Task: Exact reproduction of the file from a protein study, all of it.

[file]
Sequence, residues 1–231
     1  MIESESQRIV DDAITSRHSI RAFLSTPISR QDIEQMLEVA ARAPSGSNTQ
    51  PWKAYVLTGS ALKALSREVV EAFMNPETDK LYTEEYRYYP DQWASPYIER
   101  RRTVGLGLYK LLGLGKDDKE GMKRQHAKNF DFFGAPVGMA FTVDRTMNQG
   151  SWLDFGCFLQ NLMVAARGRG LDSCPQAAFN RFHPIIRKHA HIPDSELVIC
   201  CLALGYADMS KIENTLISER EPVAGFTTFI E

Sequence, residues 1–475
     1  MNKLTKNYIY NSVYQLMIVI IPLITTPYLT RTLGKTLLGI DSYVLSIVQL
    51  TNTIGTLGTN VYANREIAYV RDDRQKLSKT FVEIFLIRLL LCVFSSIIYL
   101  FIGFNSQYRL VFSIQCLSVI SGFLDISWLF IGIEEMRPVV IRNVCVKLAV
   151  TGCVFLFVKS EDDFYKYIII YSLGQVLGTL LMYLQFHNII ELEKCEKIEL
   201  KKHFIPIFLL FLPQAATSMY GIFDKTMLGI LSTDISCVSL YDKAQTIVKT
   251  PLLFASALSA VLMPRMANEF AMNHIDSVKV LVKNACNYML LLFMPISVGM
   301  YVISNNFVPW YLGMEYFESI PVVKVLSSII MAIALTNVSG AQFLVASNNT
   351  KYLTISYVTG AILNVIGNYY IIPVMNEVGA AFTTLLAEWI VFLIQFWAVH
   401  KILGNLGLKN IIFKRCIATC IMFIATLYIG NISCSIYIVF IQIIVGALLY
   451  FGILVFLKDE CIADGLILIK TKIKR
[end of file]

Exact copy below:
Sequence, residues 1–231
     1  MIESESQRIV DDAITSRHSI RAFLSTPISR QDIEQMLEVA ARAPSGSNTQ
    51  PWKAYVLTGS ALKALSREVV EAFMNPETDK LYTEEYRYYP DQWASPYIER
   101  RRTVGLGLYK LLGLGKDDKE GMKRQHAKNF DFFGAPVGMA FTVDRTMNQG
   151  SWLDFGCFLQ NLMVAARGRG LDSCPQAAFN RFHPIIRKHA HIPDSELVIC
   201  CLALGYADMS KIENTLISER EPVAGFTTFI E

Sequence, residues 1–475
     1  MNKLTKNYIY NSVYQLMIVI IPLITTPYLT RTLGKTLLGI DSYVLSIVQL
    51  TNTIGTLGTN VYANREIAYV RDDRQKLSKT FVEIFLIRLL LCVFSSIIYL
   101  FIGFNSQYRL VFSIQCLSVI SGFLDISWLF IGIEEMRPVV IRNVCVKLAV
   151  TGCVFLFVKS EDDFYKYIII YSLGQVLGTL LMYLQFHNII ELEKCEKIEL
   201  KKHFIPIFLL FLPQAATSMY GIFDKTMLGI LSTDISCVSL YDKAQTIVKT
   251  PLLFASALSA VLMPRMANEF AMNHIDSVKV LVKNACNYML LLFMPISVGM
   301  YVISNNFVPW YLGMEYFESI PVVKVLSSII MAIALTNVSG AQFLVASNNT
   351  KYLTISYVTG AILNVIGNYY IIPVMNEVGA AFTTLLAEWI VFLIQFWAVH
   401  KILGNLGLKN IIFKRCIATC IMFIATLYIG NISCSIYIVF IQIIVGALLY
   451  FGILVFLKDE CIADGLILIK TKIKR